Winter storm Juno left the Bowdoin campus relatively unscathed despite pummeling students with 50 mph winds and around two feet of snow.
“I don’t remember [a blizzard] of this intensity in the recent past,” said Director of Facilities Operations and Maintenance Ted Stam.
In addition to the tremendous snowfall, there were also some minor electrical issues on campus. Most notably, an open window in Moulton Union’s Main Lounge caused a steam pipe to burst, setting off the fire alarms in Moulton Dining Hall during lunch.
“On a normal day, it wouldn’t really do anything,” said Stam. “When you have 50-mile-per-hour, nine-degree wind, it can come in through that crack and drop the temperature enough on the heater to freeze it.”
At the scene, Brunswick Fire Department Captain Chris Fairbanks noted that the damage was not extensive.
Despite heavy snowfall that averaged two to four inches an hour, the College’s chose not to cancel all classes. They did, however, close down all non-essential services and facilities including Jack Magee’s Pub and Grill, Polar Express, the Café and the Peter Buck Center for Health and Fitness.
Stam estimated that there were 15 grounds employees on snow removal duty Tuesday, in addition to privately contracted snow removal teams.
“We look at each storm and we designate who are essential employees and who needs to come in so that we can serve the campus while allowing others to stay home and be safe,” he said.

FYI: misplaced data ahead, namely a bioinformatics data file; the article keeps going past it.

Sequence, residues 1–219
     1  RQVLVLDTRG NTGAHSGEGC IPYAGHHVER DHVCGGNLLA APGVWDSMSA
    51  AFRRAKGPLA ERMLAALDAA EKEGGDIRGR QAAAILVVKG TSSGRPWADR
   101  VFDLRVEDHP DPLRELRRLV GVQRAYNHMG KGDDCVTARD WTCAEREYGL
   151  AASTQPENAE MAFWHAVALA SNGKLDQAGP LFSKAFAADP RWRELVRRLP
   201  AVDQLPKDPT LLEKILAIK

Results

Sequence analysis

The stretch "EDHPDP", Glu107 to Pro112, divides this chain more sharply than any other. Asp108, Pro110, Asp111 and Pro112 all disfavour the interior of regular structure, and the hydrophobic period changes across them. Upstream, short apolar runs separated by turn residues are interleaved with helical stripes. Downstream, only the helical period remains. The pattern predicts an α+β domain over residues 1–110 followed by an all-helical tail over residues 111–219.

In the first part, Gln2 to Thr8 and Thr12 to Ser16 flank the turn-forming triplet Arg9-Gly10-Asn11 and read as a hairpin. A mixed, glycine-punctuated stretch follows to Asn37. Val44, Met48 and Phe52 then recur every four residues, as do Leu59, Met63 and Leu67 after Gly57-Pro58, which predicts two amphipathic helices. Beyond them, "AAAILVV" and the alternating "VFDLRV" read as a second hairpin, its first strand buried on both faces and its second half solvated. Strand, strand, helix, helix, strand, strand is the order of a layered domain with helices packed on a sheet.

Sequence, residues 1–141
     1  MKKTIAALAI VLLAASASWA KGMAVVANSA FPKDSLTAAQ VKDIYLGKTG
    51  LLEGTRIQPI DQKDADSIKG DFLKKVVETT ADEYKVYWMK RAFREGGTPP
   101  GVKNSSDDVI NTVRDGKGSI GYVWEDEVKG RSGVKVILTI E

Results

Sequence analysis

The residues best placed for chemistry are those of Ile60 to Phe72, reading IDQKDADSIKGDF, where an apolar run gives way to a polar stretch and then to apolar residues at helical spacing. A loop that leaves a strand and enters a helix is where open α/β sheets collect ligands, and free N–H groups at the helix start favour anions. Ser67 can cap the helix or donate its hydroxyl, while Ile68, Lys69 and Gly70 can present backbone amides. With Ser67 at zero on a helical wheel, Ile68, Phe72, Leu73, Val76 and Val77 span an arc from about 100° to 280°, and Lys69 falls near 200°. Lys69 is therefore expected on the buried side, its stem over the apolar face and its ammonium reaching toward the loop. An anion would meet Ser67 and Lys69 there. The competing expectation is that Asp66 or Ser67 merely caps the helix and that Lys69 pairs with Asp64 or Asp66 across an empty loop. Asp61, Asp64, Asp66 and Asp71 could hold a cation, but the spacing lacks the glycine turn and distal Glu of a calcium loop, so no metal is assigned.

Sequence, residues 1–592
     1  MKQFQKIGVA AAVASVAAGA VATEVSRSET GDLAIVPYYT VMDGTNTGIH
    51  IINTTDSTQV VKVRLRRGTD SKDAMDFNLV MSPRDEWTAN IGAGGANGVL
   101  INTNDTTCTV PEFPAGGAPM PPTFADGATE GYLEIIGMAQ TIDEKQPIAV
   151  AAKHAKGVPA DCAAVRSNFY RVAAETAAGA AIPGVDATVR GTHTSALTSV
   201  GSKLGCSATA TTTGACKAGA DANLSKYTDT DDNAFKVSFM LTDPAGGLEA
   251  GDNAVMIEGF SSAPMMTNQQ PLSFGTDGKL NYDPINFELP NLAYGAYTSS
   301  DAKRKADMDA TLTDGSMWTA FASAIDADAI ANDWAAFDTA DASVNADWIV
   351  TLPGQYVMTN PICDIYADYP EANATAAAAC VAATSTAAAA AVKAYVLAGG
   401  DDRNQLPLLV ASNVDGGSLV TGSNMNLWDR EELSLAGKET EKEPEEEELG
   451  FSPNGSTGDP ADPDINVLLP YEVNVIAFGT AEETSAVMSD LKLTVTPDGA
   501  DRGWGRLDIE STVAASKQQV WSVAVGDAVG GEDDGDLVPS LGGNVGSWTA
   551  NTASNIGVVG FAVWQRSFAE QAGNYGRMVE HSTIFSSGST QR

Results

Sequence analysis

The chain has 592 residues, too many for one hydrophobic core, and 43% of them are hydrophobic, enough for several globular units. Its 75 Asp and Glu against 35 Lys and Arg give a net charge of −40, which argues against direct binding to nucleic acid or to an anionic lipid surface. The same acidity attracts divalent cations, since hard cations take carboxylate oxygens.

While classes were not cancelled in an official capacity, many professors did choose to cancel on their own. Dean for Academic Affairs Cristle Collins Judd was unable to provide an estimate of how many classes were cancelled.
Associate Professor of Computer Science Laura Toma cancelled class for the first time in her 10 years of teaching. The fact that the storm hit in the morning rather than midday made her commute from Portland impossible.
“I think we’ll go a bit faster for the next few weeks and maybe make up for [lost class time] the last week of classes,” she said.
Tram added that there is still fallout to deal with now that the storm has passed.
“We have very large piles of snow that we need to haul and get off the campus before the next storm comes,” he said.
While a large number of students enjoyed the day, others were forced to walk to class during the peak of the blizzard.
“It was a great day since all my classes were canceled and Netflix was there to keep me company,” said Gina Fickera ’18.
Those who had to go to class felt differently.
“I wish more classes had been cancelled. I feel like the weather was just too cold,” said Lauren O’Shea ’18.
Many students questioned the College’s decision not to cancel class.
“I think it’s unfair to students who live far away,” said Maeve Morse ’18. “It also puts too much pressure on the professors because a lot of them end up feeling obligated to have class.”
As Brunswick anticipates an additional three to five inches of snow tonight, Facilities Management continues its preparations.